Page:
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Visiting Isle of Arran – Our favourite things to see

Scotland,_Isle_of_Arran,_Blackwaterfoot_(1)

Situated off the West Coast of Scotland, the Isle of Arran might not be the first location that springs to mind when you think of Scottish Islands, but it is definitely one of our favourites. It's only the 7th largest Scottish Island, part of the Kintyre 66 route, and it has lots to offer and we think it is really underrated. We wanted to highlight a few locations on the Island that we love. Let's get into the list:

Glen Rosa

As we mentioned in our introduction, Goat Fell is one of the most popular locations on the island and is worth a visit. But not many people are aware of Glen Rosa, a glen located near Goat Fell. It's only 660ft high, but still has some lovely views and actually works really well as a connection to some of the main peaks on Arran, including Cìr Mhòr or the Saddle. What we really love about Glen Rosa is that the trails are really well marked and can be easily walked within an afternoon. Also, if the weather is warm enough then you can take a dip in the Blue Pool, a small body of water with an inviting blueish/green tint that is refreshingly cool. You can park for free next to the campsite at the foot of Glen Rosa.
Wikimedia Commons

King's Cave

King's Cave is the largest of a series of seafront caves north of Blackwaterfoot on Arran, and is best known as the cave where Robert the Bruce watched a spider try over and over to build a web, succeeding eventually. Although this tale might just be a legend, the name 'King's Cave' has stuck for years now, and it is even sometimes referred to as Bruce's Cave. The caves have interesting sandstone formations which were caused by melting glaciers. You can reach King's Cave by walking along the Arran Coastal Way, and you can walk along the beach to the cave from Blackwaterfoot which is a really nice trail.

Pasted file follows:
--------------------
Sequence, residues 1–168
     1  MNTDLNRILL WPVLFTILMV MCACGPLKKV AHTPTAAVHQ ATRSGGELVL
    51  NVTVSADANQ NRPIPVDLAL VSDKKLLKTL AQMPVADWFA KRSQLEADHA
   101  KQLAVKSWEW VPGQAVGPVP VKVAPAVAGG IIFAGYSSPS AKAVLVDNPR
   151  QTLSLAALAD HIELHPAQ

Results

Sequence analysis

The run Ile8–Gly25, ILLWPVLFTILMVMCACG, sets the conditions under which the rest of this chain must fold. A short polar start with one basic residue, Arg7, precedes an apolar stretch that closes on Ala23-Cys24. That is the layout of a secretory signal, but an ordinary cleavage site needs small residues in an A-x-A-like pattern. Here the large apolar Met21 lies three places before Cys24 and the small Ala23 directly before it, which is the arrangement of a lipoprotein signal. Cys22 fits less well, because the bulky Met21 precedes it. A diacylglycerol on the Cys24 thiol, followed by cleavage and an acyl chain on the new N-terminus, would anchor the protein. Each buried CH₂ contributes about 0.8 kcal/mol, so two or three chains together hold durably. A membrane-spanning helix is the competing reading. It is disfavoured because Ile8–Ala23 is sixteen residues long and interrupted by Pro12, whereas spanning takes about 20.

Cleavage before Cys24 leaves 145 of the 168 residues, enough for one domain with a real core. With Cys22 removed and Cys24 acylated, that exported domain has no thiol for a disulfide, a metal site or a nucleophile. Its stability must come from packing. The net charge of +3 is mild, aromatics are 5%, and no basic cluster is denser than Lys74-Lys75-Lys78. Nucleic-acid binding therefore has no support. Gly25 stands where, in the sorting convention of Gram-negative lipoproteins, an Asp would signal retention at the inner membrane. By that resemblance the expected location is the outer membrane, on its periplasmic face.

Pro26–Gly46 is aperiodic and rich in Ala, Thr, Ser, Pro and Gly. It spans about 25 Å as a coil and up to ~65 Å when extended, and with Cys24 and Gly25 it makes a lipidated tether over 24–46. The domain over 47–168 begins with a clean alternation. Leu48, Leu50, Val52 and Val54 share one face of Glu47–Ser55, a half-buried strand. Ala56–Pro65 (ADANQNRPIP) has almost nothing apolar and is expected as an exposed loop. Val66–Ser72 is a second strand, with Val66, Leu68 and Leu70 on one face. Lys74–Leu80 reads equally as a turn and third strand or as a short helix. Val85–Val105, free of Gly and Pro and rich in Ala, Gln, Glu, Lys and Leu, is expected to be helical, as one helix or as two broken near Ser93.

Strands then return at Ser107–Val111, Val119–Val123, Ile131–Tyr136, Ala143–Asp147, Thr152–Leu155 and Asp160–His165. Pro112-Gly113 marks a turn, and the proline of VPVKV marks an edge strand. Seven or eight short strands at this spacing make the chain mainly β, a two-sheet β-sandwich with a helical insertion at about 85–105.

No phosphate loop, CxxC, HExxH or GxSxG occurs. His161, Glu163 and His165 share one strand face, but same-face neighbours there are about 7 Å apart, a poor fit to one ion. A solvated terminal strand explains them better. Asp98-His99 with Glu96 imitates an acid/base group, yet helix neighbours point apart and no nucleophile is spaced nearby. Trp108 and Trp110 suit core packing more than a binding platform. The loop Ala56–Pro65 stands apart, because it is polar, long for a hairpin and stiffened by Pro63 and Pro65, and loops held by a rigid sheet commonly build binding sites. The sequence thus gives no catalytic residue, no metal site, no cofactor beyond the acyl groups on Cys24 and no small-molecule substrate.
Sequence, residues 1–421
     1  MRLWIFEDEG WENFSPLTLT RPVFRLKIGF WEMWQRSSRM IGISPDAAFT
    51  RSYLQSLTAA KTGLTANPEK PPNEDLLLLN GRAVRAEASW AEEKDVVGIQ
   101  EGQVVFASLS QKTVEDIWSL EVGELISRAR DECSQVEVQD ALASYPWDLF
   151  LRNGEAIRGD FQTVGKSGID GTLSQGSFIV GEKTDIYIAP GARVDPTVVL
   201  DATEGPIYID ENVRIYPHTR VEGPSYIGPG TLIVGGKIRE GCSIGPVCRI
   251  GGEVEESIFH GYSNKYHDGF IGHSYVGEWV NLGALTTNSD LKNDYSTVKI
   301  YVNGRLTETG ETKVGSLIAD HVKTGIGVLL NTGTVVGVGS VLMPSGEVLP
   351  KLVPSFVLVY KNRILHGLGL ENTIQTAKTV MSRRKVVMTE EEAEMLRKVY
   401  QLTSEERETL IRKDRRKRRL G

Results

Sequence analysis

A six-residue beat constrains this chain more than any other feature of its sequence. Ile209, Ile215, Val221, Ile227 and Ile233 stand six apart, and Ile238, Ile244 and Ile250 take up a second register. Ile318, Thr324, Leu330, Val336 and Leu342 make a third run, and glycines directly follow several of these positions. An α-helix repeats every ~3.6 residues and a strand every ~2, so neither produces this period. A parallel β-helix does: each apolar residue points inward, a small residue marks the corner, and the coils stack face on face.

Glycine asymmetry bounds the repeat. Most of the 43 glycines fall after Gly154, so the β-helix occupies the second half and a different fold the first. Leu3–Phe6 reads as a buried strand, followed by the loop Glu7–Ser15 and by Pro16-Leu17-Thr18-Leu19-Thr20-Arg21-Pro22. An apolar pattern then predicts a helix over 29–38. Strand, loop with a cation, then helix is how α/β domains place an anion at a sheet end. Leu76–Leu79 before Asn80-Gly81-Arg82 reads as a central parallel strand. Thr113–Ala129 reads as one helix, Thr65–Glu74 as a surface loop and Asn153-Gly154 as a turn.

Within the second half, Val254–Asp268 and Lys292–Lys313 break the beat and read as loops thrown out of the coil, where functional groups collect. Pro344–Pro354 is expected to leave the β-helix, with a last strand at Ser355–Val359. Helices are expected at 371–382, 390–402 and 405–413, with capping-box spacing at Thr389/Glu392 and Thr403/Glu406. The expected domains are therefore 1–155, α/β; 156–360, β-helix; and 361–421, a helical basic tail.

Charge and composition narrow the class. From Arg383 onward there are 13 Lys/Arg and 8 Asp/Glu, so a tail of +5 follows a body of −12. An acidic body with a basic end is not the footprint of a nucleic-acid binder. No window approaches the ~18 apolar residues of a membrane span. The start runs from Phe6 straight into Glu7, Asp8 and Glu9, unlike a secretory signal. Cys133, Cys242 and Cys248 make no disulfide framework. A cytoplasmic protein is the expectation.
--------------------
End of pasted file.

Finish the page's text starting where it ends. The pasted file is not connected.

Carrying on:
The_Kings_cave,_Machrie,_Arran_-_geograph.org.uk_-_865247

The Glenashdale Falls (Eas a' Chrannaig)

The Glenashdale Falls (known locally as Eas a' Chrannaig) is a particularly impressive waterfall within a series of falls on the Glenashdale Burn and is generally regarded as the nicest waterfall on the entire island. Set in beautiful woodlands just to the West of Whiting Bay, it is a double cascade waterfall. There are 2 different viewing platforms where you can enjoy views of the waterfall, so you can appreciate it from both sides. Giants' Graves is only a short walk away too!
The_Glenashdale_Falls_(Eas_a'_Chrannaig)_-_geograph.org.uk_-_1740204

Brodick Castle

Visiting Brodick Castle and exploring the estate is a great way to spend an afternoon on the Isle of Arran. It is a great opportunity to imagine you're a Lord or Lady of Scotland! There is an interactive visitor experience which is great for kids, plus there is 'Isle Be Wild', an adventure play area. There is something for everyone at Brodick Castle.
640px-Brodick_Castle_Main_Building_East_01

Useful sources:

Isle of Arran ferry information - https://www.calmac.co.uk/article/1925/Arran

Isle of Arran weather - https://www.bbc.co.uk/weather/8299836

Brodick Castle visitor information - https://www.nts.org.uk/visit/places/brodick-castle-garden-country-park

Image sources:

https://commons.wikimedia.org/wiki/File:Scotland,_Isle_of_Arran,_Blackwaterfoot_(1).JPG

https://commons.wikimedia.org/wiki/File:The_Glenashdale_Falls_(Eas_a%27_Chrannaig)_-_geograph.org.uk_-_1740204.jpg

https://commons.wikimedia.org/wiki/File:The_Kings_cave,_Machrie,_Arran_-_geograph.org.uk_-_865247.jpg

 

If you enjoyed this guide, check out our guides about some of the other Scottish islands including Luing, Jura, Eigg, and Skye.

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